Gitamini, a tiny varient of Gita, shall be your cargo-carrying friendly robot

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Image courtesy: CTV News

The second robot, a tiny variant of the Gita cargo-carrying bot dubbed Gitamini was unveiled by Piaggio Fast Forward, a division of the historic Italian freight company Piaggio. Gitamini’s form and function remain the same as Gita’s large (the name is Italian for a small trip or outing). The robot comprises of two big wheels, a central trunk and a visual system for the machine which it uses to recognise and monitor its owner. Gitamini weights 28 lbs, with a capacity for 21 miles for up to 20 lbs within it. This compares Gita in an intriguing way, which may be over — 40 pounds, but just 12 miles.

In order to navigate and track their users, Gitamini employs an array of cameras and sensors, including a radar (not for the original Gita). You just stand on the side of the Gitamini and press a pairing button to activate this mode. Then the robot locks you up with eyesight alone (no use of GPS or Bluetooth) and tracks you at speeds up to 6mph.

The trunk of the robot can be secured and its mode deactivated, but active mitigating functions do not exist. Asked about it, CEO Greg Lynn of Piaggio Fast Forward told The Verge it is “not probable that anyone could get away unobserved” because the item is so conspicuous. “A stolen Gita is of little use to anybody because it needs a secure telephone connection for unlocking, updating and using it,” said Lynn. “We still have to understand that a gita is stolen, broken into or parked.”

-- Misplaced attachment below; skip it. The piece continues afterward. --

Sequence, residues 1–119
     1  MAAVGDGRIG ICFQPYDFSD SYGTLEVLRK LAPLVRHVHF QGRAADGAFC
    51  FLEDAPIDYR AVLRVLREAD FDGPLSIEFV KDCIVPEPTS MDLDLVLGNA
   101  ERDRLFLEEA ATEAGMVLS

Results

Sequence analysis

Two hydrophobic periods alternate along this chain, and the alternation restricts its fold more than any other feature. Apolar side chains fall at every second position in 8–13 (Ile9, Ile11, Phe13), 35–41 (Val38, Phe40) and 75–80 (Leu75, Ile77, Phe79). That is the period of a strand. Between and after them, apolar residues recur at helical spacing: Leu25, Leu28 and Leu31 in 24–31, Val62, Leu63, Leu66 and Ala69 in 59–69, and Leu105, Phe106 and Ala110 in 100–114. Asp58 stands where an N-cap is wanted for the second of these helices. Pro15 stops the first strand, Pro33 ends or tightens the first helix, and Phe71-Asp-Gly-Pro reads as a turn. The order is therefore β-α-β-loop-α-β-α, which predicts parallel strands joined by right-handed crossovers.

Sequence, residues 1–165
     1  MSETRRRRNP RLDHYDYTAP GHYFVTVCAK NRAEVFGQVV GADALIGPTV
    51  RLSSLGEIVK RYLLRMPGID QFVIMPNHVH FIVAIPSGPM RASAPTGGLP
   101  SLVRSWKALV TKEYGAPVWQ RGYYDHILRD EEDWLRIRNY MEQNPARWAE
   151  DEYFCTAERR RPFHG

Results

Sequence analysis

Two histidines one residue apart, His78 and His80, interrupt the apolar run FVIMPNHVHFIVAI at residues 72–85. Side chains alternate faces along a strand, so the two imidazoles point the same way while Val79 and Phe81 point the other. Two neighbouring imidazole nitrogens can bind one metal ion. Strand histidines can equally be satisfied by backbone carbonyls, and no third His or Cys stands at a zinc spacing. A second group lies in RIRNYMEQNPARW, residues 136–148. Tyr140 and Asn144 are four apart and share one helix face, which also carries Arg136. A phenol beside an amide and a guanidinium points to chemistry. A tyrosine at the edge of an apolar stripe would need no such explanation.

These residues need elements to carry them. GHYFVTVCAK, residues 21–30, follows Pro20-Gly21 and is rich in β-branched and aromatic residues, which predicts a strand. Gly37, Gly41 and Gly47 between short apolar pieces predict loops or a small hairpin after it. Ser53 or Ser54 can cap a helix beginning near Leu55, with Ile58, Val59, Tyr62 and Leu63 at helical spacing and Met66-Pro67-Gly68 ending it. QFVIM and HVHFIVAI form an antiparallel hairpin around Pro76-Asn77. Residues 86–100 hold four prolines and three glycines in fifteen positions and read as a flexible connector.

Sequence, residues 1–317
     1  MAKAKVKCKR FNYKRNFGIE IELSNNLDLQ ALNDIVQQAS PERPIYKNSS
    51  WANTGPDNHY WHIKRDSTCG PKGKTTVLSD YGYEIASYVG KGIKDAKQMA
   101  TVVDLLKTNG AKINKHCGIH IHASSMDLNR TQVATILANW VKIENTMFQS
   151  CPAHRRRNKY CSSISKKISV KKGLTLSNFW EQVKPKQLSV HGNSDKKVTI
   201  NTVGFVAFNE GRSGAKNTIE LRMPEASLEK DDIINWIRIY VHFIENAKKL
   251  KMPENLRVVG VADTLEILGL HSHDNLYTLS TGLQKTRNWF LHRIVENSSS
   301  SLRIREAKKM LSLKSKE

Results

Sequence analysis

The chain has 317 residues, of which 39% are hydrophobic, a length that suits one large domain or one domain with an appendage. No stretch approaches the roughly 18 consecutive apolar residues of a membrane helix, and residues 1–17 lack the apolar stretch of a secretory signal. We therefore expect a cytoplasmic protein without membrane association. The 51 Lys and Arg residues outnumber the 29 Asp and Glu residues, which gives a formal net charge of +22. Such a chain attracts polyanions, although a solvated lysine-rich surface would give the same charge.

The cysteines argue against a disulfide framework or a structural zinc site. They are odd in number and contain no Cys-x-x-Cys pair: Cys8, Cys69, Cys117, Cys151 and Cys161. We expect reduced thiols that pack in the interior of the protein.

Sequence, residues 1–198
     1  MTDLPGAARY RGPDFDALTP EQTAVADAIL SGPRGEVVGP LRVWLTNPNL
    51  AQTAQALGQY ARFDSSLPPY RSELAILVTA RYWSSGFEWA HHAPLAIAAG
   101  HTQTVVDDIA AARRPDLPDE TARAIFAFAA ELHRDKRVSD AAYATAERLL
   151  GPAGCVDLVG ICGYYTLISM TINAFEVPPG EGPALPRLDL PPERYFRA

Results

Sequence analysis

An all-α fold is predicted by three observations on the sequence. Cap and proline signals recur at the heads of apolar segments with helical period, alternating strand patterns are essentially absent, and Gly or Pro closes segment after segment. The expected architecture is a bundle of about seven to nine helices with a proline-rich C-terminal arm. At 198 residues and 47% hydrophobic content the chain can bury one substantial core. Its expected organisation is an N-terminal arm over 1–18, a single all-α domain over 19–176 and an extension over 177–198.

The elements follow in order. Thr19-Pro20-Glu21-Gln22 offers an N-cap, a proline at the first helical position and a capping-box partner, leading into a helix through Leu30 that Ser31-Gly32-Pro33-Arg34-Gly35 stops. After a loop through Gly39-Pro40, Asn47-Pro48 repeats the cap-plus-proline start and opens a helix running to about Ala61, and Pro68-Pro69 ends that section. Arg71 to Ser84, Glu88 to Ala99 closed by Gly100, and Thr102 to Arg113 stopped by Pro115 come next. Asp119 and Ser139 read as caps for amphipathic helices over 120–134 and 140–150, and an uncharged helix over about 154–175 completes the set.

The Gita was always a little strange. It definitely looks amazing and videos show that it works more or less like a helicopter (although it’s more noisy than you could imagine). But who will pay hundreds of dollars on something that just has a few bags and is blocked by steps and escalators, it is not apparent. While at a minimum Gitamini is cheaper — it costs $1,850 (and will be available on mygita.com on 15 October) while the launch will see the original Gita pricing dropping to $2,950 Gitamini doesn’t solve any of these basic annoyances.

When we questioned Greg Lynn, CEO, about the robot, he refused to provide any data, but claimed that “half the US state Gita robots […] were active in a southern belt where the outside weather is more favourable throughout the year.”

“The majority of consumer Gitas is used in a number of areas to substitute for neighbourhood automobile journeys, and they are spent outside on a mile or more round trip,” says Lynn. However, he also saw that there were commercial clients in the organisation. Gitas is presently located in eight US airports (including JFK and LAX), and many more in scheduled neighbourhoods, such Florida’s Water Street Tampa and California’s Ontario Ranch.

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